The latest release (4.6.0) of Autopsy introduces many new features and fixes and this post will give a high-level overview of the notable ones.  We’ll dive into details in the coming weeks with additional posts.

  • Communications: As part of our work with DHS S&T, we’ve been improving the infrastructure in Autopsy to store and display communications.  This will make Autopsy more powerful for email and smartphone analysis.  This release has a new content viewer for messages (in lower right) and a new interface (Tools Menu -> Communications) that shows the accounts and messages between them.   We’ll have a more detailed posting about this topic.  The new content viewer is shown here:
  • Central Hash Sets: The Central Repository was introduced in Autopsy 4.5.0 as a way to correlate between cases.  You can now also use the repository to centrally store hash sets, such as the NIST NSRL. This will make it easier to manage hash sets in your lab.   We’ll have a more detailed posting about this topic later, but all you need to do is enable the Central Repository and choose “Remote” when you create or import a hash set.
  • Encryption Detection Module: There is a new module that uses a standard “Truecrypt” detection algorithm to look for files that could be encrypted volumes. It basically looks for files that have high entropy, a size that is a multiple of 512-bytes, and does not have a known file type.
  • Live USB Triage: You can now more easily run Autopsy from a USB drive on a live system without modifying the target system.  Previously, Autopsy would write to the AppData folder of the logged in user.  Now, it will write configuration settings to the USB drive.  This also allows you to preconfigure the drive.  To make such a USB drive, use the “Make Live Triage Drive” item in the “Tools” menu.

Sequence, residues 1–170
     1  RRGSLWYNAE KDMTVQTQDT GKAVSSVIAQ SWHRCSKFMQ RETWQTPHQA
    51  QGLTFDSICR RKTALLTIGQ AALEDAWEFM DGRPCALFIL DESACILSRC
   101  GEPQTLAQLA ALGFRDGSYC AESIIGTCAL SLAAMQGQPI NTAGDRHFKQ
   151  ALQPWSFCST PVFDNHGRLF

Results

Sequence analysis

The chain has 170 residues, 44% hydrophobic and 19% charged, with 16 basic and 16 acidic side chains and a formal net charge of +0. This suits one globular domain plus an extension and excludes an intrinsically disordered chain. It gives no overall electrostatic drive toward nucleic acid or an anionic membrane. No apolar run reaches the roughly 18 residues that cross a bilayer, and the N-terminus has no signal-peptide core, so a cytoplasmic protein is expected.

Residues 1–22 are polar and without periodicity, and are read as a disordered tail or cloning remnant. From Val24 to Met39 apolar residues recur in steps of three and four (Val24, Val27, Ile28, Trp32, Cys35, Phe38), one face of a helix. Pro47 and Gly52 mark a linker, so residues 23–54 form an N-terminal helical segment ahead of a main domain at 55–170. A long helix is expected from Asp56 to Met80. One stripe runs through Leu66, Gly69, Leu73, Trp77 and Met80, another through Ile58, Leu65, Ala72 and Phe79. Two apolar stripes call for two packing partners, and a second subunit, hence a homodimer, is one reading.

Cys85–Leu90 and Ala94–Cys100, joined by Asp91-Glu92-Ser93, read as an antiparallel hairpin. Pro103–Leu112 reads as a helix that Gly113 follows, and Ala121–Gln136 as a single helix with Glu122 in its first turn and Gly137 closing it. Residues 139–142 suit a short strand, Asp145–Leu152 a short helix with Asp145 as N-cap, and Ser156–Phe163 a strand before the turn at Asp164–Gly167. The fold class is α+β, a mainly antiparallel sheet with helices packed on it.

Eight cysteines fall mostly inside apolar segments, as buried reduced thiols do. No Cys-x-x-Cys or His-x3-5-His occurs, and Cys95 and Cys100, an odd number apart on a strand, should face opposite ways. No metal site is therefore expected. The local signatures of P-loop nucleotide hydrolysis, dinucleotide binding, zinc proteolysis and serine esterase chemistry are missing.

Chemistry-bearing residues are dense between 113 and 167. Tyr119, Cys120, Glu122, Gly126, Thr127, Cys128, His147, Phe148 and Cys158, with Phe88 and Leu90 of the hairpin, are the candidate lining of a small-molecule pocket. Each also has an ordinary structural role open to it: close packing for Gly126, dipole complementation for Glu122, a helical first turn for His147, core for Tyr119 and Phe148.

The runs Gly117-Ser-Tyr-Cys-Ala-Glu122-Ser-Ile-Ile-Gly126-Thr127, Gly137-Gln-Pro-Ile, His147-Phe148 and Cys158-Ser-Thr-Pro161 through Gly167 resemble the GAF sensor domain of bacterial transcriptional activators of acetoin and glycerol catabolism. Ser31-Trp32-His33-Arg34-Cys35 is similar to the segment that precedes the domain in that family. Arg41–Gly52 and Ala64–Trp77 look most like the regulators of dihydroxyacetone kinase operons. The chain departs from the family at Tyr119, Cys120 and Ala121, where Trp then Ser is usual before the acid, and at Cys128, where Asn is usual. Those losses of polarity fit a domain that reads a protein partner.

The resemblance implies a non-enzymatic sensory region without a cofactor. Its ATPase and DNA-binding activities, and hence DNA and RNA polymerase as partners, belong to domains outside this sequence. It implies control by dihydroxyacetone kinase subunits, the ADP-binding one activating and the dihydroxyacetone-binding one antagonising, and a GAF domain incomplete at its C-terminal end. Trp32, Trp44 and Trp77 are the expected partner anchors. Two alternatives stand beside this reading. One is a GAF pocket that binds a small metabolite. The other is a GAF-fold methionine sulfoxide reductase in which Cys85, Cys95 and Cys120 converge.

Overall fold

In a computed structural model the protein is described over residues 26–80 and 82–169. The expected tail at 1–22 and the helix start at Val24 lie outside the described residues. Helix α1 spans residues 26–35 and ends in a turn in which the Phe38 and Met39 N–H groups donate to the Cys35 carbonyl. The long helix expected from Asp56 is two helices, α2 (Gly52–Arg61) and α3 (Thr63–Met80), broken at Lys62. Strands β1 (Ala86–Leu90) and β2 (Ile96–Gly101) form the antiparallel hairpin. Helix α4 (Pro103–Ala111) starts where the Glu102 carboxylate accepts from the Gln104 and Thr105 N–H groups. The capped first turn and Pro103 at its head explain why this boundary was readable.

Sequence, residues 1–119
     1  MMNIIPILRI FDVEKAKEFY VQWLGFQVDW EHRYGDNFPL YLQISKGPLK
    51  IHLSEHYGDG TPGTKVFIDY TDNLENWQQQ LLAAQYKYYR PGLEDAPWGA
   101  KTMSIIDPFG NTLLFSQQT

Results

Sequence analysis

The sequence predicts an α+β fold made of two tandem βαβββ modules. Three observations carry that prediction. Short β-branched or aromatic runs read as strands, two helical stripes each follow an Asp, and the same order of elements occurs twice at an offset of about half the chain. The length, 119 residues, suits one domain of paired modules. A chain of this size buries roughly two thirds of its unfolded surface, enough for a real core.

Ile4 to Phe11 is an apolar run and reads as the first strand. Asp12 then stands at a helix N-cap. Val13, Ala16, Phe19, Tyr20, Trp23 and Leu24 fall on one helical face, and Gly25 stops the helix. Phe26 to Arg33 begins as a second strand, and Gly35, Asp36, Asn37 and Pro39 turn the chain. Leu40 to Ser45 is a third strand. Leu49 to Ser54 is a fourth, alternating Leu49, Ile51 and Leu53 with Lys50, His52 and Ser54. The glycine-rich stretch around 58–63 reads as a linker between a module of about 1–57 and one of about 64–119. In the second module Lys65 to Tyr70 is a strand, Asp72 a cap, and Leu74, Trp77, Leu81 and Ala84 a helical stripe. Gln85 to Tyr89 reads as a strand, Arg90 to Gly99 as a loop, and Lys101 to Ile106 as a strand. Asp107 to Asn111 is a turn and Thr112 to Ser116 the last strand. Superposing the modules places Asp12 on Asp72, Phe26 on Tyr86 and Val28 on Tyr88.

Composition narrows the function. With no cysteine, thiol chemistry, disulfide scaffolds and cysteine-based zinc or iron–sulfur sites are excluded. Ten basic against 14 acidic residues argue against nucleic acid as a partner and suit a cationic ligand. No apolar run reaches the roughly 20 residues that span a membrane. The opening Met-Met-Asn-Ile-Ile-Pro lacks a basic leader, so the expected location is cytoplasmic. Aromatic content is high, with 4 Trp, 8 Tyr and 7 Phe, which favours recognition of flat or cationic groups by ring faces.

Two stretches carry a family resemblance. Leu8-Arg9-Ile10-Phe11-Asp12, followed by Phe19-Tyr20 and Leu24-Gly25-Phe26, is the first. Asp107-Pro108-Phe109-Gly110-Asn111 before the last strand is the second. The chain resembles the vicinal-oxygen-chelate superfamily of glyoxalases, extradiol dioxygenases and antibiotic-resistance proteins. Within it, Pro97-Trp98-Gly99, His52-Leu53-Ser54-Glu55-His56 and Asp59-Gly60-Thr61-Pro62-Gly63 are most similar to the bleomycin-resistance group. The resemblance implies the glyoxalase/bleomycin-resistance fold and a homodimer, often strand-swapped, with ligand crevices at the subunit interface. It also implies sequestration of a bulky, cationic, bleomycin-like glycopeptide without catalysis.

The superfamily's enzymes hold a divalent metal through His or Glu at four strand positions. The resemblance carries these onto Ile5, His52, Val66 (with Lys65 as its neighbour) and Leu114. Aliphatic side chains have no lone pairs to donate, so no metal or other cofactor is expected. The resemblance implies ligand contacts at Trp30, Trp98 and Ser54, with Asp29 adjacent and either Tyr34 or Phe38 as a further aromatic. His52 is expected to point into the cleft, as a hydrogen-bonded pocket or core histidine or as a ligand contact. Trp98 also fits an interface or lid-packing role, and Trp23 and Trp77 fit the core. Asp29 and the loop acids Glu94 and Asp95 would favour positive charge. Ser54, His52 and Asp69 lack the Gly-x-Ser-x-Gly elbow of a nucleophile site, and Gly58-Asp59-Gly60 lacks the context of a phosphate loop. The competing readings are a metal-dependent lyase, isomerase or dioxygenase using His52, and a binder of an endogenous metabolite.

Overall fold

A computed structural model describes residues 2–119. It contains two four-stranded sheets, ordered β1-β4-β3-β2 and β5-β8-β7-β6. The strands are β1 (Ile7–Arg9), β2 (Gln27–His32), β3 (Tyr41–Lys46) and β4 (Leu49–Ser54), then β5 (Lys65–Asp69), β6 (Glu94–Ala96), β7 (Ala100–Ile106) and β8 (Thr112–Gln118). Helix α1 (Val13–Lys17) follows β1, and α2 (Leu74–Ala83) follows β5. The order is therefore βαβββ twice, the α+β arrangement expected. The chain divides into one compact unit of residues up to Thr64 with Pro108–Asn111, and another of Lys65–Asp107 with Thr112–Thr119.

• Performance: We’ve been profiling the application a lot lately and have made some changes.  This will be an ongoing process.  In this most recent release we have increased the number of Solr connections, delayed writes to the database in the pipeline, upgraded Tika to reduce memory usage, and more.  You can now also more easily change the amount of memory that Autopsy uses.
  • Linux: We are going to release our first Linux beta installer.  We’ve been working through some build and packaging issues and will be releasing a precompiled version for Debian. It’s not perfect yet, but we’ll probably release some more incremental versions of this before the next Windows release.

The full list of changes can be found here.  

Download the latest version from here.